Shadow Detail
Colour
Grain/Pixelization
Film-To-Video Artefacts
Film Artefacts
Overall

Audio

     Audio is a choice of two German and two English tracks – each language is offered in a Dolby Digital 5.1 at 448 Kbps or Dolby Digital 2.0 at 224 Kbps. I listened to the German 5.1 and sampled the English 5.1, in which the dialogue (with German accents out of Hogan’s Heroes) sounded especially tinny.

     Dialogue was clear at all times while the explosions and effects were quite front oriented, with only ambient sounds in the surrounds. Nevertheless the gunfire and explosions were fine, perhaps explained by the fact that while the surrounds were not used extensively, the subwoofer certainly was! In fact, it was constantly in use giving bass support to the explosions, gunfire, fires, engines, and the music.

     Lip synchronisation seemed occasionally off.

     The original score by Norbert Schneider was suitably martial in tone for a lot of the film with brass dominating, although it also gave effective support to the visuals in less active moments.

Audio Ratings Summary
Dialogue
Audio Sync
Clicks/Pops/Dropouts
Surround Channel Use
Subwoofer
Overall

Extras

Director’s Profile: The Making of Stalingrad (5:44)

     Film clips, behind the scenes footage and interview tid-bits (in German) with the director Joseph Vilsmaier, and actors Dana Vavrova, Jochen Nickel, Dominique Horwitz, Sebastian Rudolph and Thomas Kretschmann. English linking narration; some interesting behind the scenes footage, but not a lot else.

Trailers

     Original Theatrical Trailer (1:49), Remastered Trailer (1:52), Original Teaser Trailer (1:22) and Remastered Teaser Trailer (1:21).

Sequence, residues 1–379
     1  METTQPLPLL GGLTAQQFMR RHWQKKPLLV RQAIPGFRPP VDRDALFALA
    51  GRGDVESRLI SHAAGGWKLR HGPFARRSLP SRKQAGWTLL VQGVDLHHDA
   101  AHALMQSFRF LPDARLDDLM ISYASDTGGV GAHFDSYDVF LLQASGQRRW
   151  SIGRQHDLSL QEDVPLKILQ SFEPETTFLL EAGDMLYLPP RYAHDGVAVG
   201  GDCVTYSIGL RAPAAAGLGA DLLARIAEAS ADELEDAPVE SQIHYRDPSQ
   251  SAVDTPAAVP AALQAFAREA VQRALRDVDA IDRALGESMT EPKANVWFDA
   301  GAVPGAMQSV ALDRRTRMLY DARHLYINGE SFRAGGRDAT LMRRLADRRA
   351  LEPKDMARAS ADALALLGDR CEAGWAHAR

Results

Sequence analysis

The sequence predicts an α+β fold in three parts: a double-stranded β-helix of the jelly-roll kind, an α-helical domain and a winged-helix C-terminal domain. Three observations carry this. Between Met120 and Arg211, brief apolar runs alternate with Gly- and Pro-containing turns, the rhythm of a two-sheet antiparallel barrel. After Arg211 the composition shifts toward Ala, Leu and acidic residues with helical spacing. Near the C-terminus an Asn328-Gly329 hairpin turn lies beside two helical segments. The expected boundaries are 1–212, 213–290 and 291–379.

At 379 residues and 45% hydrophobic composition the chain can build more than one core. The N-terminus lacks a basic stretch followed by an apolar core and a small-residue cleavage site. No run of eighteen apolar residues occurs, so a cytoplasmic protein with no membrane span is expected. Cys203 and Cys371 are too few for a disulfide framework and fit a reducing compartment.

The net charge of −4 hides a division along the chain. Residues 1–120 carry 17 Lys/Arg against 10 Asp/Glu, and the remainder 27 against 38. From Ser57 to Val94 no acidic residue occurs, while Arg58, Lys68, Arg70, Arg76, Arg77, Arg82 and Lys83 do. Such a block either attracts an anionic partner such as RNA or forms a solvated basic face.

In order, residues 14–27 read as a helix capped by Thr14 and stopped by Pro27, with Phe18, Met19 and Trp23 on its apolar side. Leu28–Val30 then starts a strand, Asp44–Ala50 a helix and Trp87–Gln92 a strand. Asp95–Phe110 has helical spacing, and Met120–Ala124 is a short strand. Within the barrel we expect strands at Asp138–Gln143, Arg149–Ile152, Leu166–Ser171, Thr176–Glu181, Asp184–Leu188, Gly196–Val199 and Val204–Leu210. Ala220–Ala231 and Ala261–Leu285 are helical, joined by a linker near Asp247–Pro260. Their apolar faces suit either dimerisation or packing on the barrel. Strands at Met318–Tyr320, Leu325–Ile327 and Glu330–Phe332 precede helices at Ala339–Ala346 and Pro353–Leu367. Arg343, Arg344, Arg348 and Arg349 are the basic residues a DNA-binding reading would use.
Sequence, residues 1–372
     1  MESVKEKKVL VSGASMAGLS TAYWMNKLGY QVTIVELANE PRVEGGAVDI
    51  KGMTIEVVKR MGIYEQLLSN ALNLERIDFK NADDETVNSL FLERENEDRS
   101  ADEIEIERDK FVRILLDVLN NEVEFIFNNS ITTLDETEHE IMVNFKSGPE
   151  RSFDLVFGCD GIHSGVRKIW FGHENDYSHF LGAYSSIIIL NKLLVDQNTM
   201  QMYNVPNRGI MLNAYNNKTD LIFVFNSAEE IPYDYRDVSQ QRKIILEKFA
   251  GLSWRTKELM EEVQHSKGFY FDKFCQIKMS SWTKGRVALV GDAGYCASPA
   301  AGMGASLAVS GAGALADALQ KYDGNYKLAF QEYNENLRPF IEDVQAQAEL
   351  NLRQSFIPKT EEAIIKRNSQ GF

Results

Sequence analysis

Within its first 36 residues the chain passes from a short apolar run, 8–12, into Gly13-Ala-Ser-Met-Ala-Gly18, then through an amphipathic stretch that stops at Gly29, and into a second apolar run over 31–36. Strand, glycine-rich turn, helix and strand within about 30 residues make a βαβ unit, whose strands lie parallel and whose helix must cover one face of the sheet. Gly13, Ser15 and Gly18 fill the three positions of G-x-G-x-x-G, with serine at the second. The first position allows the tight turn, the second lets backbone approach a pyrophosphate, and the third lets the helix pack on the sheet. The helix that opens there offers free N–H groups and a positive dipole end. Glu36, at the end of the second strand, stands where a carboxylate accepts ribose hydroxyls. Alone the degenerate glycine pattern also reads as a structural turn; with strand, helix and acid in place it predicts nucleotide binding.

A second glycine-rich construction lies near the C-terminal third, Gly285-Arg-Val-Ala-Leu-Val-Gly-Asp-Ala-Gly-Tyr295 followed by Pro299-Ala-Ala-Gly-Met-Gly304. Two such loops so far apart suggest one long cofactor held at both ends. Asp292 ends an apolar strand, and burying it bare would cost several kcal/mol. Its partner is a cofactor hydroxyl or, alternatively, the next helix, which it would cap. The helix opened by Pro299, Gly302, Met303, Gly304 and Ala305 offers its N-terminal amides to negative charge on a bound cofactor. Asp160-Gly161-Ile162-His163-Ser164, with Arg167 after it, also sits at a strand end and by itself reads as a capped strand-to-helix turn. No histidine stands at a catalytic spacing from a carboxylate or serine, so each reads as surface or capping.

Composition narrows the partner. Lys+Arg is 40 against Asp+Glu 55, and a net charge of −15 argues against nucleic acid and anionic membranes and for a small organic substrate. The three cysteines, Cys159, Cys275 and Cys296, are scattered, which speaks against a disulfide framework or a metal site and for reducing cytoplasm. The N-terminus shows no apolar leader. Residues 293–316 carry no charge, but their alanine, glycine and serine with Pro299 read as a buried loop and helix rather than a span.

R4 vs R1

NOTE: To view non-R4 releases, your equipment needs to be multi-zone compatible and usually also NTSC compatible.

     There are a number of European Region 2 Special Edition versions of the film including German and Scandinavian DVDs with a wealth of special features including a three part 2003 German documentary on the battle. However, these have no English subtitles. The Region 1 US and Region 2 UK releases are non-16x9 and lack extras. For English speakers, our Region 4 release is the pick. Note: The excellent three part documentary included in the European DVDs has been released separately on DVD in Region 4 which I reviewed it on this site here.

Summary

     Stalingrad may not tell you much about the strategy of this pivotal WW2 battle, but it is a confronting war film about young men in battle, with excellent sets, chaotic and explosive action sequences and recognisable characters. An excellent war film; compelling viewing.

     The video and audio are fine. The extras are limited in comparison to European releases, which however do not have English subtitles.

Ratings (out of 5)

Video
Audio
Extras
Plot
Overall

© Ray Nyland (the bio is the thing)
Saturday, January 07, 2012
Review Equipment
DVDSony BDP-S580, using HDMI output
DisplayLG 55inch HD LCD. This display device has not been calibrated. This display device is 16x9 capable. This display device has a maximum native resolution of 1080p.
Audio DecoderNAD T737. This audio decoder/receiver has not been calibrated.
AmplificationNAD T737
SpeakersStudio Acoustics 5.1